Here, McNelton's timely initial petition contains numerous substantive claims. Counsel appeared on his behalf in this case with more than seven months remaining of the one-year statutory filing period. The court entered no scheduling orders (much less "crucially misleading" ones) prior to the expiration of the period. Moreover, McNelton filed his first amended petition seventeen months after the decision in Mayle clarified the relation back doctrine as applied to habeas cases (and at least five months after discovery proceedings had been completed (see ECF No. 88)). Even if it were to accept that its scheduling of proceedings herein misled McNelton, this court is not convinced that McNelton pursued his rights diligently. See Holland, 560 U.S. at 649.
The court also rejects McNelton's argument that the State's alleged dilatory conduct in complying with discovery requests is a factor that should be considered in determining whether he is entitled to equitable tolling. For reasons mentioned above, the State's conduct in complying with discovery requests is not causally connected to the timeliness of McNelton's claims. As for the changes in federal habeas counsel, McNelton has been represented throughout these proceedings by the FPD. Mere changes in the FPD staff members assigned to his case do not qualify as an "extraordinary circumstance" that warrants equitable tolling.
McNelton also argues that his claims are not time-barred because the State waived the statute of limitations as a procedural defense. He contends that this case is "materially indistinguishable" from Wood v. Milyard, 132 S.Ct. 1826 (2012), a case in which it was found that the state had deliberately waived a challenge to the timeliness of a habeas petition.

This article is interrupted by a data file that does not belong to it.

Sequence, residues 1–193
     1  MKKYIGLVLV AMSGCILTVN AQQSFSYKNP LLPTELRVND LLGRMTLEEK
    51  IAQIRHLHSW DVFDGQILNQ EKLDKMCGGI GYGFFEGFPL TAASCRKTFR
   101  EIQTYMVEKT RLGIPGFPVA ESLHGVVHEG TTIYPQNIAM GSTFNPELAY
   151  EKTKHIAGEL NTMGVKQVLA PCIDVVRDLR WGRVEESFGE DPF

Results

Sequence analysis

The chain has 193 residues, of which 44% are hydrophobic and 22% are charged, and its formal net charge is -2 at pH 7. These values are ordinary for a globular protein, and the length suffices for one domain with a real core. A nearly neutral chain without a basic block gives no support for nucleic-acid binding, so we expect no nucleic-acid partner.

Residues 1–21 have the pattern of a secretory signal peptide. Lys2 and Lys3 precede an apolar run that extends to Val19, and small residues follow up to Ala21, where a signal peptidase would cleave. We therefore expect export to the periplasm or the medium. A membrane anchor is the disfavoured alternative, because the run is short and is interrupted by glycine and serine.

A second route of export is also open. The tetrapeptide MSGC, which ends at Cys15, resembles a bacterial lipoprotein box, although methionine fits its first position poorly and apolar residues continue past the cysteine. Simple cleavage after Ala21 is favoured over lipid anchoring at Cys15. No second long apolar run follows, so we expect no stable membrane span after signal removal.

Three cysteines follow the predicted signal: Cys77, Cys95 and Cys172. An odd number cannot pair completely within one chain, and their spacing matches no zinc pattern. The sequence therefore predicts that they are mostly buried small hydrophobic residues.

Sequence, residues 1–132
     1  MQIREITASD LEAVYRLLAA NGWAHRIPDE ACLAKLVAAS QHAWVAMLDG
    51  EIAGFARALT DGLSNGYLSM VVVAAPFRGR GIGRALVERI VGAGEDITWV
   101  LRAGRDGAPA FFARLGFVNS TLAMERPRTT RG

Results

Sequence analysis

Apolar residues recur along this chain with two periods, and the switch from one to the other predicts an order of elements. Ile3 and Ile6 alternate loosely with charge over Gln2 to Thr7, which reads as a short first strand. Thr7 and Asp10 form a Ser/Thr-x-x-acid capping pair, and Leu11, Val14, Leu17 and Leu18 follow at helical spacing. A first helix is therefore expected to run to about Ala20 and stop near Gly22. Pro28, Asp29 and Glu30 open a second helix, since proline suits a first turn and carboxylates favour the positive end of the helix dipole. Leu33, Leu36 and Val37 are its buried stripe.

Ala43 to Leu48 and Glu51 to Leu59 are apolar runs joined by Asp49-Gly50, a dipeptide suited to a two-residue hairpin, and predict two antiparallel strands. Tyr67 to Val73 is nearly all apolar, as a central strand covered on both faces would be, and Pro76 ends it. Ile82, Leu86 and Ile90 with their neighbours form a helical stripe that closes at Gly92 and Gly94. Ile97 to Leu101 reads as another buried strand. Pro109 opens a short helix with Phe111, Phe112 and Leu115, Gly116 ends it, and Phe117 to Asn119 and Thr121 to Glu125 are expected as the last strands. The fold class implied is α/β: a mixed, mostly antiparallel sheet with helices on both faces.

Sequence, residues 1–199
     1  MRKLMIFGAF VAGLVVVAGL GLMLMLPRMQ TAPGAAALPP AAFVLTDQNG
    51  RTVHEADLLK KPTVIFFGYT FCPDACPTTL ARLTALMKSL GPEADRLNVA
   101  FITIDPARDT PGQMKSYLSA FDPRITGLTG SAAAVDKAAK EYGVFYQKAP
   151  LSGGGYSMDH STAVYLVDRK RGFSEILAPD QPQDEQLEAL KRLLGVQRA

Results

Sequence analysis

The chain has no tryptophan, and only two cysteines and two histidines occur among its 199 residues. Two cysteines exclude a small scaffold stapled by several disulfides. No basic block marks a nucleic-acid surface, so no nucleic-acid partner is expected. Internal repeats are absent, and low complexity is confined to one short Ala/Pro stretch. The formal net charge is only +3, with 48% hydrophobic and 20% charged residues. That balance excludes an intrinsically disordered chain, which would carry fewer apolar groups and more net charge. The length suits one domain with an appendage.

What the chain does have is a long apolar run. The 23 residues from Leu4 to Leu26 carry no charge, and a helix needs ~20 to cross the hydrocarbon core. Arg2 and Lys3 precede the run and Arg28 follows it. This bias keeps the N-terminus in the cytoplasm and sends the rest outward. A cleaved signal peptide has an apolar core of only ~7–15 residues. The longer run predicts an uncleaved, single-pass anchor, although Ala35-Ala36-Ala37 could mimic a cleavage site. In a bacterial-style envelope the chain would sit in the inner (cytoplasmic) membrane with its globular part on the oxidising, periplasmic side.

In Wood, the Supreme Court reversed the Tenth Circuit's sua sponte decision to raise on appeal the timeliness of a habeas petition and then dismiss the petition as untimely, after the state had expressly declined to oppose the petition on that ground before the district court and the district court had ruled upon the merits of the petition. Wood, 132 S.Ct. at 1829, 1834-35. McNelton's arguments notwithstanding, the holding in Wood speaks primarily to the court of appeals exceeding the scope of its appellate review and says very little about what constitutes a waiver of the statute of limitations as a procedural defense in a habeas case. The Court was particularly bothered by the fact that the court of appeals had sua sponte disposed of the case on timeliness grounds when the lower court had expended the time and resources necessary to resolve the case on the merits. See Wood, 132 S.Ct. at 1834 ("When a court ...